Tell them what you want. Clearly state what needs to happen to make it all better: replacement, repair, reimbursement

Most people would far rather settle a dispute, no matter how minor, if they know you mean business and are prepared to take the disagreement to a higher authority.

You will want to write a thoughtful and organized letter. No matter the merits of your situation, you’re less likely to get a satisfactory response if you write a long and incoherent letter that circles around the topic at hand.

Is there any correspondence that you yourself have already written? Send along a copy. It is a pay-better-attention heads up to the recipient that you have already addressed this problem in writing, and it sends the message that you don’t intend to give up and go away.

It’s far better to address your letter to a CEO/president and have it passed on to a vice president than it is to direct it to a manager and have the task delegated to his secretary for response.

It’s not to your advantage to come across as a rude or hostile person, even if you feel like vilely cursing over this problem.

Grab the reader’s attention at the beginning of the letter. After the salutation, an immediate attention getter is a must. It may only be one sentence, but it must catch the recipient’s eye. My favorites are “I am shocked and appalled at the unprofessional treatment to which I have been subjected by [company name] personnel” or “I am sure that you will be as shocked and appalled as I am over the recent incident I have experienced with company X.” This method will pique the curiosity of your reader, and it is a not-so-subtle encouragement to continue reading the rest of the letter.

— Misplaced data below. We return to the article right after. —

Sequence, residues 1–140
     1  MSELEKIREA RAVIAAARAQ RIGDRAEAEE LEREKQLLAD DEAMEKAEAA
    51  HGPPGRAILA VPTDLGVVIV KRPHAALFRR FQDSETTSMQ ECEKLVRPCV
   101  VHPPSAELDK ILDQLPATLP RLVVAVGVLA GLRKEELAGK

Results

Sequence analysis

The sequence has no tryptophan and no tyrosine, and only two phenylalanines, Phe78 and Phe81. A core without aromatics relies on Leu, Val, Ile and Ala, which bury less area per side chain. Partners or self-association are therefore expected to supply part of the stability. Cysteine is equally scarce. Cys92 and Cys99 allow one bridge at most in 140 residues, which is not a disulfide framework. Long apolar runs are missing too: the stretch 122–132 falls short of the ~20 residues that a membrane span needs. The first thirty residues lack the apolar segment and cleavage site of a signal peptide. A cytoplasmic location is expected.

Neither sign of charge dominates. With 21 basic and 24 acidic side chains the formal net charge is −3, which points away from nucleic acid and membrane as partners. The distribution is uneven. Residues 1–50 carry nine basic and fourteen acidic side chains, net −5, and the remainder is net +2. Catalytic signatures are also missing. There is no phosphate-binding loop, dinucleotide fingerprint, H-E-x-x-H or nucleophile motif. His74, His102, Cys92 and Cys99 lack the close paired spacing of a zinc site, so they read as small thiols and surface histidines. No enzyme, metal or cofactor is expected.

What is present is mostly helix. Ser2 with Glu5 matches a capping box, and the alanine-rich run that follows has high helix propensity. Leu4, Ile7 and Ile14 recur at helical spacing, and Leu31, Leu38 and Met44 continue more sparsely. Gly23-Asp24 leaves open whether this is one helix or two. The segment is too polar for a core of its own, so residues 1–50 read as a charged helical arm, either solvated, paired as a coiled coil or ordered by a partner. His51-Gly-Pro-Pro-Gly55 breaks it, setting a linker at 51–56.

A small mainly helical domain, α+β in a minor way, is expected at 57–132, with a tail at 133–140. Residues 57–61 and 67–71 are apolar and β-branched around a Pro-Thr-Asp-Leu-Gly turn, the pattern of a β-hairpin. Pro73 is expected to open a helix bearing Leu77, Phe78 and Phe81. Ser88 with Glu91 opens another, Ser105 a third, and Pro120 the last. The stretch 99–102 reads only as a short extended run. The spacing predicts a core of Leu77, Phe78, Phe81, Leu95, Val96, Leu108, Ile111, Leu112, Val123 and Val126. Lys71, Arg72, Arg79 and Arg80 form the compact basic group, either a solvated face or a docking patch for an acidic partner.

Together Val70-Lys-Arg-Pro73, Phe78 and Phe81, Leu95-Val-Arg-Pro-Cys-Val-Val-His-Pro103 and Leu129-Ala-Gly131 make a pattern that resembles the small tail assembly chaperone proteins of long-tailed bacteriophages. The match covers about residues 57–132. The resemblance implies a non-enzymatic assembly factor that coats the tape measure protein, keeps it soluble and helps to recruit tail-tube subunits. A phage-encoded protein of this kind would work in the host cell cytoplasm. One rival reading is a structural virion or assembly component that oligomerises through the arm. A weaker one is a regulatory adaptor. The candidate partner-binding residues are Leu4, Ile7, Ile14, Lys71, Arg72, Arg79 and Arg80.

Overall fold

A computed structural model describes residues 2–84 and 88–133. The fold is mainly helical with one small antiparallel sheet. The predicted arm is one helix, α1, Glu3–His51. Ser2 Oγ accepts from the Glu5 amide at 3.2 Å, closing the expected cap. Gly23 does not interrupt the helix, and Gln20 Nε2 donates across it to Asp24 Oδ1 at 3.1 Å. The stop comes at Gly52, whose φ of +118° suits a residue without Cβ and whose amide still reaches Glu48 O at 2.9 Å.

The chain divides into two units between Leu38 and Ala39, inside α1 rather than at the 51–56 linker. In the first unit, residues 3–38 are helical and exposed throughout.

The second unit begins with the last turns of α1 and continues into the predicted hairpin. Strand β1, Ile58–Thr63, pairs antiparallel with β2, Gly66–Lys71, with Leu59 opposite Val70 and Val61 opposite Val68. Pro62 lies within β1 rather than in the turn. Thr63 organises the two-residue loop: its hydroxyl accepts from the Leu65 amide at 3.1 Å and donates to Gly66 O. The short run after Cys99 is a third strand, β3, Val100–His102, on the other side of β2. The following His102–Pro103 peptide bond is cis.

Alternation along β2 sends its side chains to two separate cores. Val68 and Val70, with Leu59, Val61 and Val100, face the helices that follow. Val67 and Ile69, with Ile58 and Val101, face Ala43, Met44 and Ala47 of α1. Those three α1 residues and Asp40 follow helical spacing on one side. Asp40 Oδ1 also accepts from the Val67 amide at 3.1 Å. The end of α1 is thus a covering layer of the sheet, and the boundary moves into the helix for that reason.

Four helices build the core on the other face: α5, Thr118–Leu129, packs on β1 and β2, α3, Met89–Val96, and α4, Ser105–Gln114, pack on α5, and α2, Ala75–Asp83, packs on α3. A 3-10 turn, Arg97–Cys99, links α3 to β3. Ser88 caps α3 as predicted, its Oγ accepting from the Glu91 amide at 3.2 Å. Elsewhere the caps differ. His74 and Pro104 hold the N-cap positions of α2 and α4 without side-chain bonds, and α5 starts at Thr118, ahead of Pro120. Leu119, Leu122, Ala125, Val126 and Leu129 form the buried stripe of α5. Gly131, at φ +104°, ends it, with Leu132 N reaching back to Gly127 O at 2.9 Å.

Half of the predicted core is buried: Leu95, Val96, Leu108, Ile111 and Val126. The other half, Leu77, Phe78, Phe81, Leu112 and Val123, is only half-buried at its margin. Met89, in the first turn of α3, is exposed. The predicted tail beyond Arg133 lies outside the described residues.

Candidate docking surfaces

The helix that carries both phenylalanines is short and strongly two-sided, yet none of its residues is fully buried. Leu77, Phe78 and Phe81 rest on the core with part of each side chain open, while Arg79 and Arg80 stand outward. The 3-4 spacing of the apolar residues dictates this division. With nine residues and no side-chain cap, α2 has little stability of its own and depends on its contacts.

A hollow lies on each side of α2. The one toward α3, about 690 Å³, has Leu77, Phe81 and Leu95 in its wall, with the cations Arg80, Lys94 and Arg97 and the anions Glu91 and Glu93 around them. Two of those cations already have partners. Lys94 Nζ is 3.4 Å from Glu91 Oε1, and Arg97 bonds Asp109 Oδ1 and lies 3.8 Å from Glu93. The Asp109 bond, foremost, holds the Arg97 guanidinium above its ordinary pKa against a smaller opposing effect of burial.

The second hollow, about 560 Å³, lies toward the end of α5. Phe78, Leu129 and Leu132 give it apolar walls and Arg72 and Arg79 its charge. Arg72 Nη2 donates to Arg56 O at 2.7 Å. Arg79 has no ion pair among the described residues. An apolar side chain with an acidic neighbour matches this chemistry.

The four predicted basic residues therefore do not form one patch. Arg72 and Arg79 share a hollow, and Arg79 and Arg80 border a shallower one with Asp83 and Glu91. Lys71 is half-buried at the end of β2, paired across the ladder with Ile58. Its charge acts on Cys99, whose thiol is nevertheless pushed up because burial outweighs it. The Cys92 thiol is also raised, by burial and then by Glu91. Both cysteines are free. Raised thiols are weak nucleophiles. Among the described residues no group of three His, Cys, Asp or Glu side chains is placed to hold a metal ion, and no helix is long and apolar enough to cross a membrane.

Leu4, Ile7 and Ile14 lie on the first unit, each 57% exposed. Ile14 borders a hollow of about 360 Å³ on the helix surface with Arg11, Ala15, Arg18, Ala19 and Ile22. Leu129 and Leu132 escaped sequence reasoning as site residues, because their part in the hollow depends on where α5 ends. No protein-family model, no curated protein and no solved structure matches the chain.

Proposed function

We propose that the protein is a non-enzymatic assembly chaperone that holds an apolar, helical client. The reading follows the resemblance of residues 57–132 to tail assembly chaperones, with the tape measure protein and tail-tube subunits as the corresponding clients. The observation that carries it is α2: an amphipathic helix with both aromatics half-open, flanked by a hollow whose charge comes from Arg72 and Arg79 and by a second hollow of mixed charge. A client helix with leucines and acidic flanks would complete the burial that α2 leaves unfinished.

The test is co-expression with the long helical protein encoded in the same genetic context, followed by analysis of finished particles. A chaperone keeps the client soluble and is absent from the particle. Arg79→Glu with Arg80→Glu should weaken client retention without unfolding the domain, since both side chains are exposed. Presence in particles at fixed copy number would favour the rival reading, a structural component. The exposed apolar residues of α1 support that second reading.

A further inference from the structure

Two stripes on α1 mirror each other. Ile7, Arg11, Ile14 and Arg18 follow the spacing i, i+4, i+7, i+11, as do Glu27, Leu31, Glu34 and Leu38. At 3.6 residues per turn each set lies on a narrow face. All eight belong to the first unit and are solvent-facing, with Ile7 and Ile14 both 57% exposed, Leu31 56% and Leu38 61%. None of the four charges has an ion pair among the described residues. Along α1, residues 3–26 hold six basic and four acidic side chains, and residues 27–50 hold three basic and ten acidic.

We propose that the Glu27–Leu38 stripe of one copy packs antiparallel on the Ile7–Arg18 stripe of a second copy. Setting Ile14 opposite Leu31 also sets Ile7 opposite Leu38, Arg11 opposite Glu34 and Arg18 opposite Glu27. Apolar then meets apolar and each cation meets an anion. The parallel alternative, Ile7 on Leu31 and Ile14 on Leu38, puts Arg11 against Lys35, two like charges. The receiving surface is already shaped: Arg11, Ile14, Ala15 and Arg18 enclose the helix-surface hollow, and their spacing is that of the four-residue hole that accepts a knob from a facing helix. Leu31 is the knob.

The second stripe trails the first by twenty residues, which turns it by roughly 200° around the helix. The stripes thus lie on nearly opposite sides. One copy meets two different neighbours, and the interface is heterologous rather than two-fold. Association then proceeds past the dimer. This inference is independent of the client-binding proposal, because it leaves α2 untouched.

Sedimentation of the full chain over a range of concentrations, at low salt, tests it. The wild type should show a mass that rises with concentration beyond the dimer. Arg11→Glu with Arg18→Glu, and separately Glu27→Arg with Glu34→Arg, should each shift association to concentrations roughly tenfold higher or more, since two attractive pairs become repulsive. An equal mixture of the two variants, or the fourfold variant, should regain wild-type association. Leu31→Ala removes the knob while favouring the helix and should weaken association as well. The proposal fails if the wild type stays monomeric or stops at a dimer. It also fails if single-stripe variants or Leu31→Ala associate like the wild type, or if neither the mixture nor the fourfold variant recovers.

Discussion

Review the history.

Suggest that the company could lose your business

Hint that you may decline to have future dealings with the company in question.

State your expectations. Do you want a product repaired or replaced, do you want a refund, or will a simple apology make you feel all warm and fuzzy? If you don’t specify exactly what it is you want, then the recipient of your letter can only guess.

It’s always a grand idea to write that you “have been a loyal customer” (just as this beer drinker did) or even better, when you’re dealing with a large store or credit card company, a “faithful credit card holder for years” if such is the case.

Close firmly and politely. The last paragraph is where you should not only thank the reader but also let him or her know that you expect a quick answer. You can specify the need for a response “immediately,” or give a fixed period of time; for instance, “I expect to hear from you within two weeks [or one month] regarding this situation.” Although it has been my experience that most people rarely get a response quite as quickly as “within two weeks,” making such a request does place the brass on alert that you are not twiddling your thumbs and waiting around for the mail carrier.